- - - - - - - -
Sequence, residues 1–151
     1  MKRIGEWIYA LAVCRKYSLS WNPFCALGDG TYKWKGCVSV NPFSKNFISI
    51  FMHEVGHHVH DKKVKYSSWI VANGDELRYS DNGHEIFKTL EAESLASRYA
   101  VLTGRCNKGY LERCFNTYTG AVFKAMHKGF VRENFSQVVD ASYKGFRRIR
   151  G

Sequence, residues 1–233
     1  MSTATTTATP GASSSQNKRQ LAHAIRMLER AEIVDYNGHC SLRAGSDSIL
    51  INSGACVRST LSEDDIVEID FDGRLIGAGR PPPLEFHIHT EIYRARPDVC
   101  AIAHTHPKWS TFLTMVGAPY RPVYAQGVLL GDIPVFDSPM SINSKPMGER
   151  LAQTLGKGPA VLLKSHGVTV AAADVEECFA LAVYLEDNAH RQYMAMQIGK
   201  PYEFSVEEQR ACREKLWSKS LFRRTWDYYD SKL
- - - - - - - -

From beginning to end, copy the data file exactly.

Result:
Sequence, residues 1–151
     1  MKRIGEWIYA LAVCRKYSLS WNPFCALGDG TYKWKGCVSV NPFSKNFISI
    51  FMHEVGHHVH DKKVKYSSWI VANGDELRYS DNGHEIFKTL EAESLASRYA
   101  VLTGRCNKGY LERCFNTYTG AVFKAMHKGF VRENFSQVVD ASYKGFRRIR
   151  G

Sequence, residues 1–233
     1  MSTATTTATP GASSSQNKRQ LAHAIRMLER AEIVDYNGHC SLRAGSDSIL
    51  INSGACVRST LSEDDIVEID FDGRLIGAGR PPPLEFHIHT EIYRARPDVC
   101  AIAHTHPKWS TFLTMVGAPY RPVYAQGVLL GDIPVFDSPM SINSKPMGER
   151  LAQTLGKGPA VLLKSHGVTV AAADVEECFA LAVYLEDNAH RQYMAMQIGK
   201  PYEFSVEEQR ACREKLWSKS LFRRTWDYYD SKL